One of these products is a tendon repair device that can be used to augment the current suturing technique for injured tendons; the suture provides the physical connection between the ends of the tendon; the degradable nano-scale fibrous product acts as a ‘bridge’ for cells to migrate over to improve functional tendon repair (Figure 1). This technology is currently being tran­slated by NLC – the European healthtech venture builder https://nlc.health.

Case study 2: Electrically conductive materials for improved nerve repair

Electrically conductive materials are emerging as important biomedical materials in medical products. Bioelectronics is a rapidly developing area of research at the interface between electronics and living systems for creation of sensory, stimulatory or responsive devices.

Physiologically, the human body is controlled by electrical signals in the central nervous system and the peripheral nervous system (PNS). Disruption of PNS by trauma or disease can lead to loss of sensation and movement and significant socio-economic cost. Work at The University of Manchester has focused on developing novel conductive materials that have nano-scale fibrous structures to stimulate and guide excitable neuronal cells and nerve tissue repair. The materials are based on conductive polymers, such as poly (3,4-ethylenedioxythiophene) polystyrene sulfonate (PEDOT:PSS) coatings on electrospun silk fibroin fibres. The fibrous ‘scaffold’ provides physical guidance to nerve cells as they grow (proliferate and elongate along fibres) and connect, as well as offering the potential to conduct electrical signals between cells leading to effective peripheral nerve repair (Figure 2).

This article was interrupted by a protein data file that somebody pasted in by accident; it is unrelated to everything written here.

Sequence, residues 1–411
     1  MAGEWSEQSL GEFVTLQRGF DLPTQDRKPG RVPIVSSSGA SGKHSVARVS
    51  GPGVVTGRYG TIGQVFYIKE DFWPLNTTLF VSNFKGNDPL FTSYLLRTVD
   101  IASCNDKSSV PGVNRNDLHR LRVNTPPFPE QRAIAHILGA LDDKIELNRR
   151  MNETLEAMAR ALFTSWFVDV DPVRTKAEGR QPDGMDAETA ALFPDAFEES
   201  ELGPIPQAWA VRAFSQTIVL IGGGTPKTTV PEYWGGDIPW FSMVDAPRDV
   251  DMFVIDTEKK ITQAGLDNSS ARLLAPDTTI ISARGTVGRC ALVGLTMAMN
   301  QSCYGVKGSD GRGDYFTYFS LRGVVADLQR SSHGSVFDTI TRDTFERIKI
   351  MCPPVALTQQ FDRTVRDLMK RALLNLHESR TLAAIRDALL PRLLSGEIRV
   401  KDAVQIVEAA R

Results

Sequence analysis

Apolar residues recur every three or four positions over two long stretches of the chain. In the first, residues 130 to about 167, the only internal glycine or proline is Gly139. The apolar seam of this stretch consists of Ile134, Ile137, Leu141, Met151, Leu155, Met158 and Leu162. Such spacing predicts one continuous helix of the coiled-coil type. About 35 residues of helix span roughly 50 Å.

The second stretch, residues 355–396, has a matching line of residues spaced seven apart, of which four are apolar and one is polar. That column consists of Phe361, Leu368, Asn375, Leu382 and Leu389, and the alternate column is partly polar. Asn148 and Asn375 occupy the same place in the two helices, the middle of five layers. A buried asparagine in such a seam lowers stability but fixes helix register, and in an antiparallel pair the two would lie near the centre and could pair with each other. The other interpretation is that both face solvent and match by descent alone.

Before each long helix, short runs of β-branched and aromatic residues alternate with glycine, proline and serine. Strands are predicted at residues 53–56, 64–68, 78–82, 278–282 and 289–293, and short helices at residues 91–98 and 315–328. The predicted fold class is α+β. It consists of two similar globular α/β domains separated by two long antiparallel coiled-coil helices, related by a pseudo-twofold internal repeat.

Figure 2. (A) Confocal fluorescent microscopy image of the neuroblastoma-glioma hybrid cell line (NG108-15), cultured on an electroactive SF/PEDOT:PSS scaffold. Cell nuclei are stained blue and neurites are stained green. (B) A scanning electron microscope image showing attachment of the neuronal cells to the fibrous conductive biomaterial. Researcher Leads: Chinnawich Phamornnak, Jonny Blaker and Sarah Cartmell.

Future vision

The future of research at Royce will include innovation of further products and medical solutions through engagement with our academic, clinical and industrial collaborators. Working with these stakeholders to expand the use of our facilities and associated access schemes to accelerate research outputs, as well as to broaden the opportunities for access.